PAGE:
Evelyn Underhill was an English Anglo-Catholic writer and pacifist known for her numerous works on religion and spiritual practice, in particular Christian mysticism.

In the English-speaking world, she was one of the most widely read writers on such matters in the first half of the twentieth century. No other book of its type—until the appearance in 1946 of Aldous Huxley's The Perennial Philosophy—met with success to match that of her best-known work, Mysticism, published in 1911


Underhill was born in Wolverhampton. She was a poet and novelist, as well as being a pacifist and mystic. An only child, her early mystical insights she described as "abrupt experiences of the peaceful, undifferentiated plane of reality—like the "still desert" of the mystic—in which there was no multiplicity nor need of explanation." The meaning of these experiences became a lifelong quest and source of private angst, provoking her to research and write.

Both her father and her husband were writers (on the law), London barristers and yachtsmen. She and her husband, Hubert Stuart Moore, grew up together and were married on 3 July 1907. The couple had no children. She travelled regularly within Europe, primarily Switzerland, France and Italy where she pursued her interests in art and Catholicism, visiting numerous churches and monasteries. Neither her husband (a Protestant) nor her parents shared her interest in spiritual matters.

Underhill was called simply "Mrs Moore" by many of her friends, but was not without her detractors. She was a prolific author and published over 30 books either under her maiden name, Underhill, or under the pseudonym "John Cordelier", as was the case for the 1912 book The Spiral Way. Initially an agnostic, she gradually began to acquire an interest in Neoplatonism and from there became increasingly drawn to Catholicism against the objections of her husband, becoming eventually a prominent Anglo-Catholic. Her spiritual mentor from 1921 to 1924 was Baron Friedrich von Hügel, who was appreciative of her writing, yet concerned with her focus on mysticism and encouraged her to adopt a much more Christocentric view as opposed to the theistic and intellectual one she had previously held.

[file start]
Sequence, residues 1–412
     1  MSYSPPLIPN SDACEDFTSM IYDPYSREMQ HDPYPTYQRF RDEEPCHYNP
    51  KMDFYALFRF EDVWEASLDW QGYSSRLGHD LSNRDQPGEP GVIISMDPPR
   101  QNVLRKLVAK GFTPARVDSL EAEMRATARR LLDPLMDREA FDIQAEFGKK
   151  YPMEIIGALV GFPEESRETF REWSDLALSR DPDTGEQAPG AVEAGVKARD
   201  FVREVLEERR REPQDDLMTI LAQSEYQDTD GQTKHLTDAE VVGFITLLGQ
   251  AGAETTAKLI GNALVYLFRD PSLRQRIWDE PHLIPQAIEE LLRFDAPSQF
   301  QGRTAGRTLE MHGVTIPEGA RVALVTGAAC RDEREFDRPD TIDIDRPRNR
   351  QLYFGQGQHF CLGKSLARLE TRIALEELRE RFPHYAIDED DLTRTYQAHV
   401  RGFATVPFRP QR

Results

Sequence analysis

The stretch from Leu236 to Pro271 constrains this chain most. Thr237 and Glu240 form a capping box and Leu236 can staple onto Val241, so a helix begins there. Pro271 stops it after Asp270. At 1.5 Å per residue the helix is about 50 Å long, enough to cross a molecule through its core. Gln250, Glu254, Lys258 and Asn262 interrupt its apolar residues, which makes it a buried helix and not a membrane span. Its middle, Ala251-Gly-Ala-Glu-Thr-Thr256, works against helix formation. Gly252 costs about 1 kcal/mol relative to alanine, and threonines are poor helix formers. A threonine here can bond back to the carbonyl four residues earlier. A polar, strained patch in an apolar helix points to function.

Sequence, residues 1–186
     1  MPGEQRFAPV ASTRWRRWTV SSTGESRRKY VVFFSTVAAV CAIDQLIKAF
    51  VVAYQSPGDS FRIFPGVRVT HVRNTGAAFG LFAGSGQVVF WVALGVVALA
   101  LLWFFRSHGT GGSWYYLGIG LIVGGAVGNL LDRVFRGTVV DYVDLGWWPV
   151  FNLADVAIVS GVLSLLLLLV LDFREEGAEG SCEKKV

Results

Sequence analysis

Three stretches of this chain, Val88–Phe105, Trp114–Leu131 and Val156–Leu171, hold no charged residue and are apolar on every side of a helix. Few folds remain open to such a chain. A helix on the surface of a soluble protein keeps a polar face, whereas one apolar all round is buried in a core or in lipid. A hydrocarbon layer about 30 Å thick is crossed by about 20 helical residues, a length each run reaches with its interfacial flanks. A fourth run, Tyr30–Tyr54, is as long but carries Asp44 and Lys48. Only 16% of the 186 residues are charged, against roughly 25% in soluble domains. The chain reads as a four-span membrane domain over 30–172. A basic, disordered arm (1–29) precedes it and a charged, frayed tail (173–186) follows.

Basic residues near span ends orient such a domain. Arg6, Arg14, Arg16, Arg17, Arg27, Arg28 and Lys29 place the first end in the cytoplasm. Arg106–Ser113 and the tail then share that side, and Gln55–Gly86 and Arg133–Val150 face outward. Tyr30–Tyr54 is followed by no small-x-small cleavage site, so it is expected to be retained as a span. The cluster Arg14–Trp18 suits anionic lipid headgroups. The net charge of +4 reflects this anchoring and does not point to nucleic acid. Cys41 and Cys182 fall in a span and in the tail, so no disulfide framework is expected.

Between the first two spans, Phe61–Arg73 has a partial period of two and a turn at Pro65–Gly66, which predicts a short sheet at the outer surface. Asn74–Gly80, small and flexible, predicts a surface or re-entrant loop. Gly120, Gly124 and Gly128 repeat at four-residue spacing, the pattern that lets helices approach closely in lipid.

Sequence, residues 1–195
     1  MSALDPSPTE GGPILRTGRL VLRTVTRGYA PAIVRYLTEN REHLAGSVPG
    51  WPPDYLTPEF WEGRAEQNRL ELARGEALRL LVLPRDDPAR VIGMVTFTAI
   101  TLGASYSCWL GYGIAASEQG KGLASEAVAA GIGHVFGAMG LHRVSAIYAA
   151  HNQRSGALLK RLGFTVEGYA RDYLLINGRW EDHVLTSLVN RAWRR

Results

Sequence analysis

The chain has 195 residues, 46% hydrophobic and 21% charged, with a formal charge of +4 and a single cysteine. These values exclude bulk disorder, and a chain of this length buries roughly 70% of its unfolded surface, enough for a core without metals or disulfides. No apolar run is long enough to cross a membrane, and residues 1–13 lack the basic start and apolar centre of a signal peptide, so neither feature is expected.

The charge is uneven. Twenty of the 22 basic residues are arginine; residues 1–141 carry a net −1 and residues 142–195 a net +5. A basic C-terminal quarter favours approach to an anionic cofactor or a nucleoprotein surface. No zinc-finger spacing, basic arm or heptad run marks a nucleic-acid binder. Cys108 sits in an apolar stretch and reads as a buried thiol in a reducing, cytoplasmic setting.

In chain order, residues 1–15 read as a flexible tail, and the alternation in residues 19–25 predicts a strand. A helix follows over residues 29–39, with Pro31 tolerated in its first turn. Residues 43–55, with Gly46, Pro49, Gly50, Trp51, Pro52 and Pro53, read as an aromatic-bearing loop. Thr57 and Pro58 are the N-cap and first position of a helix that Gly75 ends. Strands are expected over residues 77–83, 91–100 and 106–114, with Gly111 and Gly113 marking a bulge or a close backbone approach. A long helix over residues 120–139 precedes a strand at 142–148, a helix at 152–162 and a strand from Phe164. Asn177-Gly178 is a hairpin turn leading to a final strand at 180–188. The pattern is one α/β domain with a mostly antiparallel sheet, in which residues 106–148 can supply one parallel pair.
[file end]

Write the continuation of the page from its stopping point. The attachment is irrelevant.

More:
She described him as "the most wonderful personality. saintly, truthful, sane and tolerant" and was influenced toward more charitable, down to earth activities. After his death in 1925, her writings became more focused on the Holy Spirit and she became prominent in the Anglican Church as a lay leader of spiritual retreats, a spiritual director for hundreds of individuals, guest speaker, radio lecturer and proponent of contemplative prayer.

Underhill came of age in the Edwardian era, at the turn of the 20th century and like most of her contemporaries had a decided romantic bent. The enormous excitement in those days was mysteriously compounded of the psychic, the psychological, the occult, the mystical, the medieval, the advance of science, the apotheosis of art, the re-discovery of the feminine and an unashamedly sensuous and the most ethereally "spiritual". Anglicanism seemed to her out-of-key with this, her world. She sought the centre of life as she and many of her generation conceived it, not in the state religion, but in experience and the heart. This age of "the soul" was one of those periods when a sudden easing of social taboos brings on a great sense of personal emancipation and desire for an El Dorado despised by an older, more morose and insensitive generation.

As an only child she was devoted to her parents, and later to her husband. She was fully engaged in the life of a barrister's daughter and wife - the entertainment and charitable work that entailed - and a daily regimen that included her own writing, research, worship, prayer and meditation. It was a fundamental axiom of Evelyn Underhill, that all of life was sacred - as that was what "incarnation" was about.

This text is based on the copyrighted Wikipedia article; it is used under the Creative Commons Attribution-ShareAlike 3.0 Unported License